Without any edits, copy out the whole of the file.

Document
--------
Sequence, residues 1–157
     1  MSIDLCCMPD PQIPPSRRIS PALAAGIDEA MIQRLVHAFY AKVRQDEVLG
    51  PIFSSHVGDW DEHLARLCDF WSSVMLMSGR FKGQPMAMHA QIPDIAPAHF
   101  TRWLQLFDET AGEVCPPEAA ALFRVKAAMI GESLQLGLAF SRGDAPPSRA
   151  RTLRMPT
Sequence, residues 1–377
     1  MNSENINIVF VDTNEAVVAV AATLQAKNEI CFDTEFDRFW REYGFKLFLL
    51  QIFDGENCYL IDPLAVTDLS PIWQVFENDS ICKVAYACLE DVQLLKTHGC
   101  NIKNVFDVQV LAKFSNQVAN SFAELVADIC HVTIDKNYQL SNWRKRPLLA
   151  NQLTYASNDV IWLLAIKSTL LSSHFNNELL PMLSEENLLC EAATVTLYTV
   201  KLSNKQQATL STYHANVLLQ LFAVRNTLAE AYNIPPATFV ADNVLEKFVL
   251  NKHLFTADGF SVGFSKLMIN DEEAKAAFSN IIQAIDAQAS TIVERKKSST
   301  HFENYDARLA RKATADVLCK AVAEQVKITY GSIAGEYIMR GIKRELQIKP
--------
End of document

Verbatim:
Sequence, residues 1–157
     1  MSIDLCCMPD PQIPPSRRIS PALAAGIDEA MIQRLVHAFY AKVRQDEVLG
    51  PIFSSHVGDW DEHLARLCDF WSSVMLMSGR FKGQPMAMHA QIPDIAPAHF
   101  TRWLQLFDET AGEVCPPEAA ALFRVKAAMI GESLQLGLAF SRGDAPPSRA
   151  RTLRMPT
Sequence, residues 1–377
     1  MNSENINIVF VDTNEAVVAV AATLQAKNEI CFDTEFDRFW REYGFKLFLL
    51  QIFDGENCYL IDPLAVTDLS PIWQVFENDS ICKVAYACLE DVQLLKTHGC
   101  NIKNVFDVQV LAKFSNQVAN SFAELVADIC HVTIDKNYQL SNWRKRPLLA
   151  NQLTYASNDV IWLLAIKSTL LSSHFNNELL PMLSEENLLC EAATVTLYTV
   201  KLSNKQQATL STYHANVLLQ LFAVRNTLAE AYNIPPATFV ADNVLEKFVL
   251  NKHLFTADGF SVGFSKLMIN DEEAKAAFSN IIQAIDAQAS TIVERKKSST
   301  HFENYDARLA RKATADVLCK AVAEQVKITY GSIAGEYIMR GIKRELQIKP